Blame it on the rain (or, more accurately, the grey skies), but I had to have a chocolate chip cookie yesterday.

After procuring the object of my stomach’s affection for $1.25, however, I discovered a slight hitch in my plan to eradicate the bad weather blahs via warm, highly caloric food. While the cookie was packed with oversized disks of bittersweet chocolate (a key component of a perfect chocolate chip cookie), it was not a single degree above room temperature.

Most people would turn to the microwave at this critical juncture, but there are several inherent problems with using my office’s communal appliance. First, as any chocolate chip cookie aficionado knows, the intense blast of heat from a microwave can scorch the delicate baked good far past the desired level of ooey-gooeyness. Second, completing the act will most likely tip off hungry co-workers that I am in possession of a cookie that I am not going to share with them. And third, because someone in my office feels the need to make butter blasters popcorn every afternoon at 4 pm, using the microwave makes any heated item taste and smell like a movie theater.

I do not like popcorn-flavored cookies.

So, instead, I fixed myself of cup of green tea with the scorching hot water from the water cooler by my desk, I set a paper plate on top of the cup, and then positioned the cookie on the portion of the plate that was directly above the steaming water. Minutes later I had myself a perfectly ooey gooey chocolate chip cookie and a lovely cup of tea to go with it.

My dreary Tuesday was instantly better. And Miss. Popcorn Popper was none the wiser…

Thyme Cafe and Market
1630 Ocean Park Boulevard
Santa Monica, CA 90405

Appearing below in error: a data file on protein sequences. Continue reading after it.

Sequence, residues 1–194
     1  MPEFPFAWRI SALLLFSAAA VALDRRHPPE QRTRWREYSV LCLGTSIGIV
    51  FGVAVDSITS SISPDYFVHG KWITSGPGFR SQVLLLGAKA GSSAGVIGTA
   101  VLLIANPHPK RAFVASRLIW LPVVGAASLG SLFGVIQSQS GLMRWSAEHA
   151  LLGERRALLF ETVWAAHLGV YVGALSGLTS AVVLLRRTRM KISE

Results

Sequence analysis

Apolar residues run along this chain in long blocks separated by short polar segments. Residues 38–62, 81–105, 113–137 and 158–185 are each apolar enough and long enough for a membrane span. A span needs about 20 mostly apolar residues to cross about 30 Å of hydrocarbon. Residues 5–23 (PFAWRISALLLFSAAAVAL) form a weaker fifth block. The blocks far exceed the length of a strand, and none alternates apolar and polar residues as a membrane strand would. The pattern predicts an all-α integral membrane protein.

(310) 399-8800

Tuesday, April 27, 2010

Warm Lentil Salad: I don't need no stinkin' restaurant

“I’m going there now.” Read the e-mail from Sook of Yutjangsah on Sunday afternoon.

I furrowed my brow – how dare she go to BLD for brunch without us? And, more importantly, how dare she have other friends who are not Sarah, Lauren or me? Who were these people? I wondered. And what did they want with my wise-cracking, similarly poorly-cuticled friend?

“Jealous!!” I e-mailed back.

And I was a little bit. Though mostly because I was feeling nostalgic for the fun we’d had at BLD the previous weekend when we’d bucked all responsibility in the name of mimosas, diet destruction and shoe shopping. I wasn’t actually all that heartbroken that I was missing out on the blueberry ricotta goodness – even when Sook taunted, “I’ll order the pancakes in ur honor.”

She’s nice like that.

I ignored her goading response, and smiled to myself. Let her eat her pancakes, I thought snidely, turning my focus to the version of BLD’s warm lentil salad that I was planning to make at home for lunch. I didn’t need a fancy restaurant or fancy cloth napkin or a fancy mimosa to have nice brunch.

While I would have preferred swapping gossip and pancake bites with my girl friends (bucking responsibility is one of my favorite pastimes), the homemade lentil salad was just as good as the one I enjoyed at BLD the previous weekend. The pan-fried bacon bits added just the right kick of salty flavor, and my use of oven-roasted grape tomatoes rather than raw cherry tomato halves added a subtle sweet dimension to the salad.

Plus, I didn’t have to feel self-conscious about using my fingers to pick up the stray lentils that were unattainable with my fork. Or going back to the kitchen for a second egg. Of course, I’m fairly certain that my poorly-cuticled friend would have found these responsibility-bucking activities completely acceptable. Which is probably why I like eating pancakes and drinking mimosas with her so much to begin with.